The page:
It said the State must “operate on behalf of the people, not on behalf of interest groups”. It said that while Taoiseach Enda Kenny’s recent criticism of the Vatican suggests a less deferential attitude to the Catholic Church, “transparency in the operations of all arms of the State is necessary to prevent interest groups from exerting undue influence”.
Mr O’Gorman said: “People realise that this is not just about the crimes of the clergy or the failures of the State, but is a much bigger problem: the institutionalised lack of accountability in the Irish State . . .
“Attempts to achieve real reform in how this State functions will be meaningless unless we learn from what must be our greatest collective failure, one which resulted in the abuse and torture of tens of thousands of children.”
Details of the report and accompanying poll are at amnesty.ie
'Horrifying if done to prisoners of war'
Irish Times, Sep 27, 2011 by Patsy McGarry
MINISTER FOR CHILDREN: THE IN Plain Sight report reminds us that Irish children were subjected to “treatment that would be horrifying if it were done to prisoners of war, never mind little boys and girls”, Minister for Children and Youth Affairs Frances Fitzgerald said yesterday.
“Rape, burning, beating, biting. Horrendous, awful torture.”
Launching the In Plain Sight report, she said it “says boldly what we now must accept; people knew about children being abused long before it was put in print in the Ferns, Cloyne, Murphy and Dublin reports”.
This “strikes at our very national identity. Whatever happens to us, we Irish like to believe we are fundamentally a good people – kind, generous, brave, open-minded.
“So how could we have allowed this systemic abuse of children to have gone on for so long? How could a decent society have let this happen?
“One causative factor, one national attribute is becoming ever clearer to me as I read more of what happened in our schools, clubs, churches, homes and communities. Deference,” she said.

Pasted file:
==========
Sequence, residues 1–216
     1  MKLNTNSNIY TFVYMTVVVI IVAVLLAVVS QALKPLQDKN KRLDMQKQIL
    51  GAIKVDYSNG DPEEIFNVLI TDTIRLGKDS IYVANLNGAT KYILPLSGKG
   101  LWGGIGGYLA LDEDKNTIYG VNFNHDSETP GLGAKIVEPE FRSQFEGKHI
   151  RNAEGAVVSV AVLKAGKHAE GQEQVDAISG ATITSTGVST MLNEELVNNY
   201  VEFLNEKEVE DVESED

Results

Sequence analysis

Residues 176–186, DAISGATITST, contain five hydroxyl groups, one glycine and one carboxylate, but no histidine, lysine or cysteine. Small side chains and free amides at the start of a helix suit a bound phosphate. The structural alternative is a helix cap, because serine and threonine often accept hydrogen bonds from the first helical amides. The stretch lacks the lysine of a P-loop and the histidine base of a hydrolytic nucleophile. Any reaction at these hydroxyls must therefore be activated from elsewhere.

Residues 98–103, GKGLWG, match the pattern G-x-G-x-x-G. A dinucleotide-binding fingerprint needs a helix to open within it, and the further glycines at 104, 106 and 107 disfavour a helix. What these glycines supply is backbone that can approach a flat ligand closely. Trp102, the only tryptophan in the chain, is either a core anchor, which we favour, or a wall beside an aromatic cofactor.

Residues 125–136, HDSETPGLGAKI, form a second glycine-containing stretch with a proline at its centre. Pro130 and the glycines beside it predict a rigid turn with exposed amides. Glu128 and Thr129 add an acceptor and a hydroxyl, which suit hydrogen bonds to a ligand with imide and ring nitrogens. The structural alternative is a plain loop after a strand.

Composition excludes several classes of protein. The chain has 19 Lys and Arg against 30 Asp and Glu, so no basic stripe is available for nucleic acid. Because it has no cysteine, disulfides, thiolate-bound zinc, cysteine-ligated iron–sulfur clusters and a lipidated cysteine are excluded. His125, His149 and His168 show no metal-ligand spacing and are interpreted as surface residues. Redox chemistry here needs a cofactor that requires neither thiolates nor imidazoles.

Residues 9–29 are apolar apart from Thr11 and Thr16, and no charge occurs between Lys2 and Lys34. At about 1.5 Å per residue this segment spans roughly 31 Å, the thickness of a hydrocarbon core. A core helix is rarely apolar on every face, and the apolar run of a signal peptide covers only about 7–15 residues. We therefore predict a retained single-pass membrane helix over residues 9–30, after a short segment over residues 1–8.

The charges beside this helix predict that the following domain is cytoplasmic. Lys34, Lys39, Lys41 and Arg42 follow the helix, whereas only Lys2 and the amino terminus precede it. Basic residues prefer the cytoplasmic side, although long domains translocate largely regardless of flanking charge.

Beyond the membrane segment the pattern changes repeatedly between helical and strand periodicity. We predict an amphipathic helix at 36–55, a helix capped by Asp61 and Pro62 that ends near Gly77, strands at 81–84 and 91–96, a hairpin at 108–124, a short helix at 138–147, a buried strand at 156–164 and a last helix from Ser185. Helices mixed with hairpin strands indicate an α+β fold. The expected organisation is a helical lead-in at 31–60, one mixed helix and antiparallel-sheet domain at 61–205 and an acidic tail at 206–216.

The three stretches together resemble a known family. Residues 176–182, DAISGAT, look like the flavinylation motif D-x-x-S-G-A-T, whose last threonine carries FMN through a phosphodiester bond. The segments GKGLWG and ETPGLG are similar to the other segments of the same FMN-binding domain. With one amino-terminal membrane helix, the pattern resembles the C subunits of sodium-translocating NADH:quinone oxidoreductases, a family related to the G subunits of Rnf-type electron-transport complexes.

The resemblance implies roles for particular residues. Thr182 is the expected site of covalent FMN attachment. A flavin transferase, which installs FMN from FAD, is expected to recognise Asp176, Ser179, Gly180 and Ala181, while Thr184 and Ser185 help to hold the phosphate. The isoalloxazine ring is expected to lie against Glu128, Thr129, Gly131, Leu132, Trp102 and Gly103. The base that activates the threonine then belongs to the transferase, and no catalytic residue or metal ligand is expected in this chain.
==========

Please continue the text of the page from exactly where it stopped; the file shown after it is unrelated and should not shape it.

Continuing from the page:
“At every turn, Irish people kept their mouths shut out of deference to State, system, church and community; when they should have been unified in fury and outrage they were instead silenced, afraid to even whisper a criticism against the powerful.
“Much of the blame for that lies in a past where the chasm between the powerful and powerless was too vast to close, but let’s not fool ourselves into believing that abuse occurred in a sepia-toned Ireland that is dead and gone.
“Abuse – awful, shocking abuse – happened long after we knew of the atrocities of the distant past. And again it was covered by deference,” she said.
“A critical error was the unquestioning deference to an organisation making itself out to be the paragon of virtue it obviously was not.
“We have to move Irish society to a position where we are not afraid of debate, where there are no sacred systems that take precedence over our people.
“We must make sure that no system and no people are ever allowed to become so important that lives are destroyed to protect their reputation.”
The “very awfulness of what happened may go some way to explaining why, as the report says, so many people find the topic too overwhelming to deal with”, she said in reference to a Red C poll finding published to coincide with the report.